The long-term objective of our research program is to understand causes of and develop treatments for the progressive beta-cell disease that causes type 2 diabetes (T2D). Our prior work and research by others provides important evidence that metabolic effects of obesity cause beta-cell failure. Lifestyle changes and medications that alter body fat or its biology appear to slow or stop beta-cell deterioration in some people, but not most. We hypothesize that substantial weight loss induced by gastric banding will be more effective than the best available medication, pioglitazone, in preserving or restoring beta-cell function. We propose a 2-arm, unblinded study to compare gastric banding to treatment with pioglitazone over a 24-month period in moderately obese Hispanic adults with pre- or mild T2D. The primary outcome will be change in beta-cell compensation for insulin resistance, which we will compare between groups. We will also examine other potential markers of beta-cell health. Secondary analyses will examine potential mediators of treatment-specific effects and look for more general mediators of beta-cell restoration or preservation. The main focus will be on mediators related to obesity. We will also examine fasting glycemia as a potential mediator of beta-cell restoration or preservation. Clinically, the project will serve as a test of concept for use of gasric banding relatively early in the spectrum of obesity and beta-cell disease. Biologically, the results will provide crucial information on potential mediators of beta-cell failure and its arrest or reversa in the context of obesity. Those mediators will guide the development of more effective treatment and monitoring for the beta-cell disease that causes T2D. We have secured agreement from Allergen to fund clinical care in the gastric band arm, so our approach is cost-effective for NIH. We bring field-leading expertise in beta-cell biology and preservation in humans. In the end, we believe we can make important new contributions to the field of T2D, as well as to the consortium that will be formed out of this RFA to advance clinical and biological knowledge in that field.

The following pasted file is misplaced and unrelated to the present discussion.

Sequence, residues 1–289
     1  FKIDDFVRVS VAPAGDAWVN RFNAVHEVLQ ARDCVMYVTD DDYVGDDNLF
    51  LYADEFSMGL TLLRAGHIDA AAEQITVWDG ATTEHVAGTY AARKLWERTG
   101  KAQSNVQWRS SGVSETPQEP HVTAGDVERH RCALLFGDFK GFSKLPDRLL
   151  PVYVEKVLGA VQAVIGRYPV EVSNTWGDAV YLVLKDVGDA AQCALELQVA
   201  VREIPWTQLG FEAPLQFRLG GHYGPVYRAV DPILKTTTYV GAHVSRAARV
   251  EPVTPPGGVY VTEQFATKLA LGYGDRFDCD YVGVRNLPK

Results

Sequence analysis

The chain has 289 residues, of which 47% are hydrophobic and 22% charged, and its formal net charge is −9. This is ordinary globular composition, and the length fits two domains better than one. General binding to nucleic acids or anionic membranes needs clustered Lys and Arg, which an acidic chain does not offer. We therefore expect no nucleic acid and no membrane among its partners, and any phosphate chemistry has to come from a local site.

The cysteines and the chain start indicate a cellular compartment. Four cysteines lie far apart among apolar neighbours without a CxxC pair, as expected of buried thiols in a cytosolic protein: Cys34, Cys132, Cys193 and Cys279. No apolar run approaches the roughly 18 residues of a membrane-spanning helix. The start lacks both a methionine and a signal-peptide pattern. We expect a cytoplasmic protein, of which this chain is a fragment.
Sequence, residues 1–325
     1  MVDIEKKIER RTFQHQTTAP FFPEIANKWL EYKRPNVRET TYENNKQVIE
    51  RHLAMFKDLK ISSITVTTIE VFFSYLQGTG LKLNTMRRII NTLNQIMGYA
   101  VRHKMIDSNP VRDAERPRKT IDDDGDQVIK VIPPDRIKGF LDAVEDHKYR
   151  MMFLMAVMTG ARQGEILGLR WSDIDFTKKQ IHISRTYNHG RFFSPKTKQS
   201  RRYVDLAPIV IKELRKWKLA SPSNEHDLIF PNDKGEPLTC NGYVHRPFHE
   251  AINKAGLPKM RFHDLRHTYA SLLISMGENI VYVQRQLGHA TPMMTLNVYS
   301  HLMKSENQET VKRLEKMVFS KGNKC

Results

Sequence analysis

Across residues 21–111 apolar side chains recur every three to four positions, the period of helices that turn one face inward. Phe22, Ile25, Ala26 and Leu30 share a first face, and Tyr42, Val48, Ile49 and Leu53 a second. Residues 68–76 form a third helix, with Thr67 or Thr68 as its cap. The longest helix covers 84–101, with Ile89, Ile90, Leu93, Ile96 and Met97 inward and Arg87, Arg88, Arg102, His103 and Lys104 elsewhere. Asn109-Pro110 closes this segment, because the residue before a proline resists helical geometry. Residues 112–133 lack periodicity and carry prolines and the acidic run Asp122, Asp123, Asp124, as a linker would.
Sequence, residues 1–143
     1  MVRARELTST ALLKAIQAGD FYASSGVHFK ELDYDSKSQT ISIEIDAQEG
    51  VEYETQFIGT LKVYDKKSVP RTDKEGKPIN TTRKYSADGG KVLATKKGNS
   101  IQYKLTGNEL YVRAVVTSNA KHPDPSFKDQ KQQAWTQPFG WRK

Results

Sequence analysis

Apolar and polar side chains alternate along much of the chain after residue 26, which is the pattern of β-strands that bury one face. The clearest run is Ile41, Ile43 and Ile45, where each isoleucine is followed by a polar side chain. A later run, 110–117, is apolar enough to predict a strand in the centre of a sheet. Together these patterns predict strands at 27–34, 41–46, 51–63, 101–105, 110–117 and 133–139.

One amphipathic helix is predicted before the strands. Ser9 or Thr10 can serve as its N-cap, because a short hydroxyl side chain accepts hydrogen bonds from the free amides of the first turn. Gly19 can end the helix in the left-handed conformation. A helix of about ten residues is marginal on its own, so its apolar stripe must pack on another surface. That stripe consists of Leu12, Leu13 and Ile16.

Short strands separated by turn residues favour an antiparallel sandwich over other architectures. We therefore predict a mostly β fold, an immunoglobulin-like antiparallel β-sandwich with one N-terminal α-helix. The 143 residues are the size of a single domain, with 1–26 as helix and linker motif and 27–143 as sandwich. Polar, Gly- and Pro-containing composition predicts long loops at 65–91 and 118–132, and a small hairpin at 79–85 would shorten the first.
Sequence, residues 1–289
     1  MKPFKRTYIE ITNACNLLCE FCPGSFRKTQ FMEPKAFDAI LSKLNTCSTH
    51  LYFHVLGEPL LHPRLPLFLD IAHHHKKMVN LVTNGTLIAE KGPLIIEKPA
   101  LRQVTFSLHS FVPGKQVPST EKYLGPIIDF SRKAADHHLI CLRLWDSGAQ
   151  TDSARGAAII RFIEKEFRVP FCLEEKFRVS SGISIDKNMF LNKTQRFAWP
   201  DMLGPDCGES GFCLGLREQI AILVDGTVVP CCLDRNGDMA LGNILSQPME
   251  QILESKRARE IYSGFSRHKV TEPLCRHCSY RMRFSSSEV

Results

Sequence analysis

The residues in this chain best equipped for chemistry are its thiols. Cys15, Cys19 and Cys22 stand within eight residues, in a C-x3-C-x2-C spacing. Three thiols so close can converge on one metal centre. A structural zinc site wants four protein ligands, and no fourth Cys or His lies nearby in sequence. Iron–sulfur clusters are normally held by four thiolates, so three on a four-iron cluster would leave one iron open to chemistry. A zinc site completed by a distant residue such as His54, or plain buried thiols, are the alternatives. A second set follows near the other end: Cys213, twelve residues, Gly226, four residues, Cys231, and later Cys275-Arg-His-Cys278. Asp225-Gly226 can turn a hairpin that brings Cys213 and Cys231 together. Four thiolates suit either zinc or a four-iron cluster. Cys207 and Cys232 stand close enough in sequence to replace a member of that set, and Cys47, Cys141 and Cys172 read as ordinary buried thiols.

Public Health Relevance

This project is will compare two leading treatments, one surgical (gastric banding) and one medical (pioglitazone) for their impact on moderately obese Hispanic Americans with prediabetes or mild type 2 diabetes. The results will help to develop more effective approaches to treat and prevent type 2 diabetes and better ways to monitor the success of treatment.

National Institute of Health (NIH)
Research Project--Cooperative Agreements (U01)
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Special Emphasis Panel (ZDK1)
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Linder, Barbara
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University of Southern California
Internal Medicine/Medicine
Schools of Medicine
Los Angeles
United States
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